By Gordon Edes | ESPNBoston.com
Originally Posted on ESPN BOSTON.
Getty ImagesCould Jackie Bradley Jr. make the same rookie impact as Fred Lynn did in 1975?
FORT MYERS, Fla. — He has yet to see him play, but the best Red Sox center fielder in the past half-century is hearing and reading the same things about Jackie Bradley Jr. that you’ve been hearing and reading.
And for Fred Lynn, who was the same age as Bradley in 1975 when he was named American League MVP and Rookie of the Year, there really should be no debate about where Bradley begins the 2013 season.
“There’s no erring on the side of caution,” he said by phone Monday night. “The kid’s got some ability. Throw him in there.”
Lynn laughed. “Throw him in there. He’ll do fine.”
The parallels are striking. Lynn turned 23 in February 1975. Bradley turns 23 on April 19. Lynn was the 41st player taken overall in the 1973 draft, a second-rounder. Bradley was the 40th player taken overall in the 2011 draft, a first-round sandwich pick.
Lynn went to USC, the one in Los Angeles. Bradley went to USC, the one in Columbia, Sotuh Carolina. While there, Bradley played on Gamecocks teams that won two College World Series. “One less than me,” said Lynn, who won all three years he played for the Trojans.
“The kid came from a big program and is used to winning,” Lynn said. “That’s all good stuff. That may not sound like much when you play in the pros and all, but it is a big deal. At that level and at your age, you’re playing the best people, and you won, and you know how to win. You’ve seen it done. You want guys like that on your club. Guys who have had winning backgrounds, I think that’s very important.”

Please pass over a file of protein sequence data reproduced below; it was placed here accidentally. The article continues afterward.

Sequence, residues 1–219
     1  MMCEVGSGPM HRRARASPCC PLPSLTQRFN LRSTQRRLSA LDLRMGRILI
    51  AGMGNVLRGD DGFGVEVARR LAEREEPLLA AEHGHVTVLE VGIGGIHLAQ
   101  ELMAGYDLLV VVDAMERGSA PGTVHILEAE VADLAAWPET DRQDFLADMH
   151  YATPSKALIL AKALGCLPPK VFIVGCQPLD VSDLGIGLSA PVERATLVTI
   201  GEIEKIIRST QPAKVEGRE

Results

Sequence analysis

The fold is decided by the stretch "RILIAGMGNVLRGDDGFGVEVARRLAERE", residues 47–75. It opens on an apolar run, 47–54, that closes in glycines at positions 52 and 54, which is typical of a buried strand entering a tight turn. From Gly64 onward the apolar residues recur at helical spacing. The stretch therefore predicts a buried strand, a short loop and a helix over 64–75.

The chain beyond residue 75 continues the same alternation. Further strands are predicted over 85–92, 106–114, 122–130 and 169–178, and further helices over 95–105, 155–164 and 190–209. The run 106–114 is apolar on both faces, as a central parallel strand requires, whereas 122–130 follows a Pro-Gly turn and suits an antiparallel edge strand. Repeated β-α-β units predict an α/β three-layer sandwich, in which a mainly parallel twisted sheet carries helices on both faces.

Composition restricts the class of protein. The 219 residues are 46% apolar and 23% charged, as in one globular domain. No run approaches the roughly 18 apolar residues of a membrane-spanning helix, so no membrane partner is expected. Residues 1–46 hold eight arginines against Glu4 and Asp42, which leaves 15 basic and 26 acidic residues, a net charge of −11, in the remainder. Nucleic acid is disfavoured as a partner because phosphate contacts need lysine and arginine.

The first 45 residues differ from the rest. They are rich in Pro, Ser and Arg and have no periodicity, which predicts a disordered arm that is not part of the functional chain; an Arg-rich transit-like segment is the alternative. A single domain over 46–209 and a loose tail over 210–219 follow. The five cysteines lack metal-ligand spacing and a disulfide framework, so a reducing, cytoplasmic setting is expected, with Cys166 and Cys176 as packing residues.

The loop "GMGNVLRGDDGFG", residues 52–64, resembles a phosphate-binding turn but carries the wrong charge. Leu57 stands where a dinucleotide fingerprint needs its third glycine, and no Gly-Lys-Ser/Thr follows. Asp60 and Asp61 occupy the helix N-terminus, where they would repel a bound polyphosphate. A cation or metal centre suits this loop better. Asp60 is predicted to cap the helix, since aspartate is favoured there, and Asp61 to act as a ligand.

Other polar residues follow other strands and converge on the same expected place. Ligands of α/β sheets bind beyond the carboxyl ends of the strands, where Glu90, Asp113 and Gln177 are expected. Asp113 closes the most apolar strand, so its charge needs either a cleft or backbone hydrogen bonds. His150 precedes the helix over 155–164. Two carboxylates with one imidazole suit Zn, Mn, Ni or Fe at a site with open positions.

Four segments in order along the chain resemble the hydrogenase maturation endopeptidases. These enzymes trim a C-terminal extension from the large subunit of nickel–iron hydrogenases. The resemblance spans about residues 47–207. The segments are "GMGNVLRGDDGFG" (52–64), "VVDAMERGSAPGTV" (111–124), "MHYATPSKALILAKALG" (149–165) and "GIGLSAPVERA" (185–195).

Lynn made a dazzling first impression when he was called up by the Sox in September 1974, hitting .419 in 15 games and playing superb defense in center field.
AP Photo/Kathy WillensFred Lynn thinks a strong throwing arm is an “undervalued skill” among outfielders. It’s a skill Jackie Bradley Jr. has showed off this spring.
“That little cup of coffee meant a lot to me,” Lynn said, “not only because I got to the big leagues, but I was there with older guys and I learned a lot in a month. I also learned I could hit. I said, ‘You know what, I can do this. I can hang with these guys.’
“Spring training came around. I said all the right things and everything, but I knew I was going to make the club. I had no doubt in my mind that I was going to make the club.”
Bradley has made an equally dazzling first impression in his first big league camp, leading the team in batting average (.444), on-base percentage (.523), slugging percentage (.667), hits (24) and walks (8). And his defensive skills have been a source of wonderment for manager John Farrell, who says Bradley seems to be on the move even before the hitter makes contact.
Bradley did not make a single appearance in left field until sliding over from center in the seventh inning last Friday. He made a terrific catch and also threw out a runner at the plate.
“That’s nice to hear,” said Lynn, who won the first of his four Gold Gloves as a rookie and glided to balls with elegant, loping strides. “I love to hear about guys coming up who really can pick it. That’s an undervalued skill. And I really, really appreciate the guys who can catch the ball and throw it. There are some guys who can catch it, but to have a guy who can catch the ball and throw, that’s the combination I haven’t seen for a long time.
“If I’m the GM, I want to build for the future and I want to make sure I’m not top-heavy on old dudes, but I want to win right now. Right now. If this kid can help me, bring him in. Pretty simple. That’s how I would run it.
”— Fred Lynn, on how Red Sox should handle Jackie Bradley Jr.
“Center field in Boston, you got a chance to throw people out. You got a chance to throw them out off the wall, and everybody wants to run on you from right-center especially, going first to third, and that’s what’s important keeping that guy off third base. Ellsbury doesn’t do that. He can run them down but he isn’t going to throw anyone out. You’ve got to keep that guy off third base. If you’ve got a guy who can do that, boy, he’s really important.”